A similar approach had been used only on simpler systems such as acid-mine drainage and sewage sludge water, but because their study looked at the much more complex fecal sample, Jansson and her colleagues needed to make some modifications.
For instance, the researchers used different kinds of sample processing steps in order to get the bacterial cells from the fecal samples, Jansson said. In addition, “compiling the databases was important so that we could get some accurate peptide identifications,” she said. “We also added some steps that weren’t done before to determine the relative abundances and the core proteomes by comparing these two individuals” from whom the samples were collected.
“If you look at the metaproteome, you really see what is functioning.”
By comparing their results against a database containing all predicted human proteins and the gut metagenome, the researchers detected 1,822 redundant and 1,534 non-redundant proteins. Of the non-redundant proteins, about one-third matched human proteins, while the rest matched proteins from the microbial metagenome sequence data.
They then matched their results against a database containing all of the sequences from the first database and sequences from “representatives of the normal gut microbiota,” including strains of Bacteroides and Bifidobacteria, and human pathogens and distracters not expected to be found in the human gut, such as environmental isolates. The rice genome was also included to help identify plant-related proteins.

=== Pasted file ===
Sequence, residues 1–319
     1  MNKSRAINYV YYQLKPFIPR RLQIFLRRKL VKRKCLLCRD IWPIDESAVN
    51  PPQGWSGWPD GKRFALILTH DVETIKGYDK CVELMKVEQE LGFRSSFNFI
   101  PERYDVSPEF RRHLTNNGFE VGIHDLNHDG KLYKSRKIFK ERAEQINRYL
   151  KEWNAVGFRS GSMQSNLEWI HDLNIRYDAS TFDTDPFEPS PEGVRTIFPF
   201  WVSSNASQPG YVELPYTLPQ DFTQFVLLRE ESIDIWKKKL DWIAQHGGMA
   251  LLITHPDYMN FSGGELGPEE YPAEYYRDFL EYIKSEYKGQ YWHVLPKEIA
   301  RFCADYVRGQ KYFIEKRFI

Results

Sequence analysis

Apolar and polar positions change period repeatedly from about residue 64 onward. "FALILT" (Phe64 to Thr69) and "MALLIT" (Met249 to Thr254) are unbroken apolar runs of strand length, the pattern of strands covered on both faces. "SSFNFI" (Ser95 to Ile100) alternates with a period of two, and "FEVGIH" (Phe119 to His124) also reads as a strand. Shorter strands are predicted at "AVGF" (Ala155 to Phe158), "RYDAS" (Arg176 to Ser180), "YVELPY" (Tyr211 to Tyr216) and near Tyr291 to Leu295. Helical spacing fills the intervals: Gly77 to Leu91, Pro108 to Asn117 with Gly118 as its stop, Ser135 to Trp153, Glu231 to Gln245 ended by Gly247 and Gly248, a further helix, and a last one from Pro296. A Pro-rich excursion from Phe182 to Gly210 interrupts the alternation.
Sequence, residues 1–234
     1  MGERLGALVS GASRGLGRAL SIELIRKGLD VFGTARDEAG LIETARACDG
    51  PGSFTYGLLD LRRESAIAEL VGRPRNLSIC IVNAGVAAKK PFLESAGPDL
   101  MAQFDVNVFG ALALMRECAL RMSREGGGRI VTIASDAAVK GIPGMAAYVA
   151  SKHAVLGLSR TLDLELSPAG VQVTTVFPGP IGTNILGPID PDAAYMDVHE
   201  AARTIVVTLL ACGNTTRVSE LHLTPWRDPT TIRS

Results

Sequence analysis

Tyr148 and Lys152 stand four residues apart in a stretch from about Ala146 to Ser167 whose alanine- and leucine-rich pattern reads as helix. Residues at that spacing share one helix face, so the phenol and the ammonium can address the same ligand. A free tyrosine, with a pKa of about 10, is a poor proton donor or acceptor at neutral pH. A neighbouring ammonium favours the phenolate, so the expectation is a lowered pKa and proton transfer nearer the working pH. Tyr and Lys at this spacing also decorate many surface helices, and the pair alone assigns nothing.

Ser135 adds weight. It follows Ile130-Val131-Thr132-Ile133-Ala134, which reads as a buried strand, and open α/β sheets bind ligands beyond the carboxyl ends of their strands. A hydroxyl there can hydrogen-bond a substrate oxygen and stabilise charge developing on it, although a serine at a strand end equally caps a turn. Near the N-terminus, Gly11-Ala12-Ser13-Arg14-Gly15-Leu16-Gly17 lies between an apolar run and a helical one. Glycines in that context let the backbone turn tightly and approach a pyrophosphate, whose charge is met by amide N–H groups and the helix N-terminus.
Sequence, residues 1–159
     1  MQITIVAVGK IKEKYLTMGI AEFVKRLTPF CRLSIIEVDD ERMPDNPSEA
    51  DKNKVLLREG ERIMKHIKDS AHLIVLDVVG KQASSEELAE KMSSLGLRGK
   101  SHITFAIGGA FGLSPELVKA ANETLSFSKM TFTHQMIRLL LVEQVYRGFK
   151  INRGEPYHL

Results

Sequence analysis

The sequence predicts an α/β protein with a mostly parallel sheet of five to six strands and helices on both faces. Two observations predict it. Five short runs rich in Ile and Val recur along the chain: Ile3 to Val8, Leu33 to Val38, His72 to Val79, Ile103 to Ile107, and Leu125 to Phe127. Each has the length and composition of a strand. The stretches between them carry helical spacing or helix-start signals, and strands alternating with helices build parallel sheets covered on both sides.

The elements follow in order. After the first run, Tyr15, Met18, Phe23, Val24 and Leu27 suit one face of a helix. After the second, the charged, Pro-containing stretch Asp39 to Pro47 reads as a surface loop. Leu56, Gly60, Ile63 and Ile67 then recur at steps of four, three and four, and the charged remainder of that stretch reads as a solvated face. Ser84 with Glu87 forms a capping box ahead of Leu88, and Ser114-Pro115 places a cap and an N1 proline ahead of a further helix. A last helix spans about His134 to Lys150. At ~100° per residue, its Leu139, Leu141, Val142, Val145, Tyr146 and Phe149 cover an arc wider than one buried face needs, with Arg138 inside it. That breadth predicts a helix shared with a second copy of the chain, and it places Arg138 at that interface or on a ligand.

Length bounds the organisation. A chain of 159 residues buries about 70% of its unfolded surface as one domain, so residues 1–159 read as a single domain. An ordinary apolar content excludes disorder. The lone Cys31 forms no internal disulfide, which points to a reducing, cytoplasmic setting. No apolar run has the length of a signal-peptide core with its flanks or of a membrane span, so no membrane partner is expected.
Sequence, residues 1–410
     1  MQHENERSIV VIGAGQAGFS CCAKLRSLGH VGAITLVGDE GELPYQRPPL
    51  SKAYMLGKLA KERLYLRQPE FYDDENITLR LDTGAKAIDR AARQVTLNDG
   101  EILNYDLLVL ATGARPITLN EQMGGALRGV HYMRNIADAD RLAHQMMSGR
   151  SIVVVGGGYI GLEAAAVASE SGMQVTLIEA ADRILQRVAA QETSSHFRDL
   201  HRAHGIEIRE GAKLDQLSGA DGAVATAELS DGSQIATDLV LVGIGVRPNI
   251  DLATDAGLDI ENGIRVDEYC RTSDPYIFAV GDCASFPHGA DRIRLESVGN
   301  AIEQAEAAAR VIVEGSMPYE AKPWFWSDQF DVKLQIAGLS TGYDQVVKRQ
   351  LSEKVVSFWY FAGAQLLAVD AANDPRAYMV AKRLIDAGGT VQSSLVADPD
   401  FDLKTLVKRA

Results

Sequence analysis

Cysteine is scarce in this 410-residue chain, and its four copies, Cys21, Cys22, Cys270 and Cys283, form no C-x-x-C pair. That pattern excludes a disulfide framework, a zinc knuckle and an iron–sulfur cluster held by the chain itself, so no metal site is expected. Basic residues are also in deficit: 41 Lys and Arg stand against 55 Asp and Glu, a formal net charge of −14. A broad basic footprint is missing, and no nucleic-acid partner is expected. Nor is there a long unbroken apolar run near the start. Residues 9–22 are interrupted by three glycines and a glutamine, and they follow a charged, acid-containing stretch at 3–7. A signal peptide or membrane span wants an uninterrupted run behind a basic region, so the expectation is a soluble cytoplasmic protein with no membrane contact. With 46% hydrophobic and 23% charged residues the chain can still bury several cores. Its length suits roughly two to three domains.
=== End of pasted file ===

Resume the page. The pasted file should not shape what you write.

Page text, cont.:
That comparison resulted in the identifications of 2,911 redundant and 2,214 non-redundant proteins.
Comparing their findings with results from the metagenomic study published in the 2006 Science paper, Jansson and her colleagues found discrepancies in how the proteins were distributed among functional categories. The majority of proteins in the metaproteome, for example, are involved in translation, carbohydrate metabolism, or energy production. More proteins in the metaproteomes were also involved in post-translational modifications, protein folding, and turnover than proteins implicated in the metagenome.
Proteins associated with inorganic ion metabolism, cell wall and membrane biogenesis, cell division, and secondary metabolite biosynthesis were under-represented in the metaproteomes compared to the metagenome.
The overall picture from the metaproteome, Jansson said, provides a clearer and more accurate understanding of what is actually happening in the GI tract.
“This demonstrates that the metagenome is showing you all the potential for expression, but not all of those genes are expressed in the gut,” Jansson said. “If you look at the metaproteome, you really see what is functioning.”
The researchers then calculated normalized spectral abundance factors to find the relative abundance of the proteins they found. Common abundant human-derived digestive proteins such as elastase and chymotrypsin C were found to be the most abundant proteins.
The most abundant microbial proteins included those for expected processes such as enzymes involved in glycosis. Ribosomal proteins as well as DNA-binding, electron transfer flavoproteins and chaperonin GroEL/GroES were also “relatively” abundant, the authors said.